Sometimes, though I am a cat, I do make concessions. I have my reasons. Today, I’m going to interview a DOG because the owner of said DOG, Eleri Stone, writes a series about cat shifters, so she’s getting a pass. Granted, there are also DOG shifters in her books, but the fact that the cats are more awesome, as I will prove when I review Rebellion tomorrow, means that the human understands the way of things.
The DOG that the author human owns is named Gracie Mae. Here is her interview.
1) So, your human writes books. Are they (a) full of praise and hyped up lies about dogs; or (b) do they contain interesting stories?
B as in Bacon! Her stories are about people turning into cats, but I like cats. Most cats. And bacon.
2) If writers are supposed to be so smart, why does your writer have a dog instead of a cat when it’s common knowledge cats are better? Does that mean your writer isn’t very smart?
When I was a puppy, I had a cat sister, but she passed away. While I miss her dearly, we can’t have another cat in the house because a member of my family developed an allergy to them.
3) So why did your human end up a writer instead of a animal sanctuary owner or something like that?
Just between you and me, she is way too daydreamy and unorganized to take on such a huge responsibility.
4) Does being a writer mean your human is home all day and easy to access? What is her day like?
She is home most of the day. I stay out from underfoot when she stumbles to the coffee machine in the morning. Then my kids wake up and it’s food time! After everyone is off doing stuff, she stares at the computer again. Boring. I like to liven up her day by periodically pointing out all the other much more interesting things we could be doing outside. But, nope, it’s always workworkworkwork. I mean, come on. Sometimes you need to stop and smell the deer poop. AMIRITE?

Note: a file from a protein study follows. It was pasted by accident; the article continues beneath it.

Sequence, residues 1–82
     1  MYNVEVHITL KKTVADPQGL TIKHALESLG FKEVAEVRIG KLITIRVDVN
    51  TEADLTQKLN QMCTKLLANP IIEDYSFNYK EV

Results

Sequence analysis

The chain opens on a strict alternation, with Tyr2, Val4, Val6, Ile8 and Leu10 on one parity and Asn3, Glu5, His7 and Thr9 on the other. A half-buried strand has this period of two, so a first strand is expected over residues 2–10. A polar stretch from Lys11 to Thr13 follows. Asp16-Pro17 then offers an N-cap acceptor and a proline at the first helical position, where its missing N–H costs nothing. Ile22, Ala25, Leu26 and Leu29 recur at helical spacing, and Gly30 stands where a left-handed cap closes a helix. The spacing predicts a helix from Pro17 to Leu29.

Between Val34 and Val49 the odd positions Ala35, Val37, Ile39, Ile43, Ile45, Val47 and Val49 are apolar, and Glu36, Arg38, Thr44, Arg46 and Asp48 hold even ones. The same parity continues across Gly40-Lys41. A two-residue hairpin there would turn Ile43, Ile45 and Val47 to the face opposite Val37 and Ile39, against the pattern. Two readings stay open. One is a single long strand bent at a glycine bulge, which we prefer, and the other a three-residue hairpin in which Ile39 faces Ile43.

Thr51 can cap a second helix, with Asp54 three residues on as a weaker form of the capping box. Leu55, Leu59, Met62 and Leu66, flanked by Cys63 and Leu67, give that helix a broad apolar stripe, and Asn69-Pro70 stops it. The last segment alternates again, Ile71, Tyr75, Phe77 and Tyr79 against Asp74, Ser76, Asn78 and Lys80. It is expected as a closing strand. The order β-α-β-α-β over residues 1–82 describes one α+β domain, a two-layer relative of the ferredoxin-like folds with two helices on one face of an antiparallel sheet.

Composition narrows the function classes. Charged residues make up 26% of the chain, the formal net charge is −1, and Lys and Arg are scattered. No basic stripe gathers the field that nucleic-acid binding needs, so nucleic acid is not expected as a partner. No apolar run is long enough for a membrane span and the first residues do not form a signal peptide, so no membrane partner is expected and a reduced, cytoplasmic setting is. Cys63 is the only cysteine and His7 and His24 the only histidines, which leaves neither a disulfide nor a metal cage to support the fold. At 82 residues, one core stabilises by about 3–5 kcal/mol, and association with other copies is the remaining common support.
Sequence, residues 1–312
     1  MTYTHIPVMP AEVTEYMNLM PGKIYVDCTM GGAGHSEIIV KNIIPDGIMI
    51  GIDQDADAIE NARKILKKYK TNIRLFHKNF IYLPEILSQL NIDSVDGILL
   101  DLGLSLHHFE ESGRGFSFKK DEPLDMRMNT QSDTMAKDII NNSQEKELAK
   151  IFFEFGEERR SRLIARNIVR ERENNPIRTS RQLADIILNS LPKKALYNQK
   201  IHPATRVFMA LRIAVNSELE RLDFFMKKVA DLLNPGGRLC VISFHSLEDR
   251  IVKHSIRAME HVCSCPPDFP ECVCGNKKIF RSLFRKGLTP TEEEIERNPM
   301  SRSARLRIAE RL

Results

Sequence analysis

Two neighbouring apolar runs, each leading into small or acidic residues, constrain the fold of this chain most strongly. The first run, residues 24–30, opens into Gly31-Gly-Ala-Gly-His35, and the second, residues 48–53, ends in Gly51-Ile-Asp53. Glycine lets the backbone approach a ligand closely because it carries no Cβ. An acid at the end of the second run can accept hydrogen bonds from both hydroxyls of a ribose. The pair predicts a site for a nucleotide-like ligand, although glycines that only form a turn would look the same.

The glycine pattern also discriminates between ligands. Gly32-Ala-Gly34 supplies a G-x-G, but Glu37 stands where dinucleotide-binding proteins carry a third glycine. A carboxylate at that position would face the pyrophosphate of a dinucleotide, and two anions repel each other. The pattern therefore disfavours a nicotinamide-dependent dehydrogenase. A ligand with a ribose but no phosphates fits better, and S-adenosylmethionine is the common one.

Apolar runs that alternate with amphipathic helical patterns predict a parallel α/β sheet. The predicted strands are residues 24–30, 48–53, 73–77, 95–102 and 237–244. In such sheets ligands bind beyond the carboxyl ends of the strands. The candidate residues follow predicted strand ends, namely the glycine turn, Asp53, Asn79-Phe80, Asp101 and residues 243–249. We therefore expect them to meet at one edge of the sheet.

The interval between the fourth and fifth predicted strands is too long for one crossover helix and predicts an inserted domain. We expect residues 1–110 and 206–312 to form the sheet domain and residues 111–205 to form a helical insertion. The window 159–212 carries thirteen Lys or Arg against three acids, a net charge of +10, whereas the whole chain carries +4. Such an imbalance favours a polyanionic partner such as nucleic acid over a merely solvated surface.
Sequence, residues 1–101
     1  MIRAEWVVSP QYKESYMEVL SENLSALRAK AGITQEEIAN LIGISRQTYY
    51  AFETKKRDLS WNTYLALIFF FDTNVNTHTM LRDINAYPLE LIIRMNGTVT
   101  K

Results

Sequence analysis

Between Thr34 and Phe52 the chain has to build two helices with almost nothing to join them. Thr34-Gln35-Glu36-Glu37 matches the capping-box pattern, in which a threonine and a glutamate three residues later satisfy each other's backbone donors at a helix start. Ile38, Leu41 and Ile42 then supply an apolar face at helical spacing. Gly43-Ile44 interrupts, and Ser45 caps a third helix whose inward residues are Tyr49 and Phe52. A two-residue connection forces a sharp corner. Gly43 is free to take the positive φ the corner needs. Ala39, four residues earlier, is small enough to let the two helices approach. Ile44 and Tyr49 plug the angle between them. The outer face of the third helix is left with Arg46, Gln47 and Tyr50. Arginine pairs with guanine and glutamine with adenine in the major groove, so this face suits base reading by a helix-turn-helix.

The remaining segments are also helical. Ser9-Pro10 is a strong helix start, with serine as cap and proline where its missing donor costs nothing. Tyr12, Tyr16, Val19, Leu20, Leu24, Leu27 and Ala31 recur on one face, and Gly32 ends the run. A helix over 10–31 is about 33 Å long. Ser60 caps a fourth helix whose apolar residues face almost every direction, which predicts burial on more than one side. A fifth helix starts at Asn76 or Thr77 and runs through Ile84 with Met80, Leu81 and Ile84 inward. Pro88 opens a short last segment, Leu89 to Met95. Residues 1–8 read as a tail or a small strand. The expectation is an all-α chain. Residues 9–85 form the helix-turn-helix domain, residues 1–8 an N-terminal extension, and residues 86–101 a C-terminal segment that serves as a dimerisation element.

5) As a dog, you’re probably not devious or fascinating, but on the off-chance you do have feline traits, what are your techniques for distracting your human during crucial writing moments?
I bark enthusiastically at the wildlife—deer, turkeys, cats, crows, turtles. I also alert her to anyone who steps foot inside our territory—delivery men, neighbors, visitors. Every once in awhile when the tap-tap-tapping of the keyboard gets annoying, I’ll bark at nothing at all…just to mess with her head.
Oh! And when she’s been sitting in one place for too long, I do try to make sure she gets outside for some exercise by nudging her knee and looking pointedly at the door.
6) What indignities and neglect have you suffered because of your human’s writing career (besides the absence of a cat to properly rule the house)?
None, really. I don’t offend easily and there are a bunch of other people in the house to play with when she’s busy. The kids are more fun to run around with anyway!
7) If you’ve gotten this far in the interview, we’ve established that your human doesn’t write stories full of hyped up lies about dogs. Tell me about the felines in your human’s fiction. How often do they appear and how big a part do they play?
Too big. She’s written three books about cats! Like I said, I have nothing against cats but at some point enough is enough. There are wolf shifters in both Rebellion and Witch Bound, so that’s something.
8) When your human gets together with other writers, do they spend half their time sniffing each other’s butts like dogs do?
Oddly, no. If you can explain this to me, please do.
9) Your human did a lot of research about Norse mythology for her Twilight of the Gods series. How do cats fare in Norse Mythology? Were the Norse properly respectful like ancient Egyptians?
In Norse mythology, cats are associated with Freyja—goddess of love, fertility and death. Weird mix, right? Her chariot is pulled by two large cats and she’s said to bless those who are kind to them.
10) What is your human’s next project (bonus points if you answer: getting a cat)?
More stories! Cowboys versus zombies this time around. No cats OR dogs, just horses.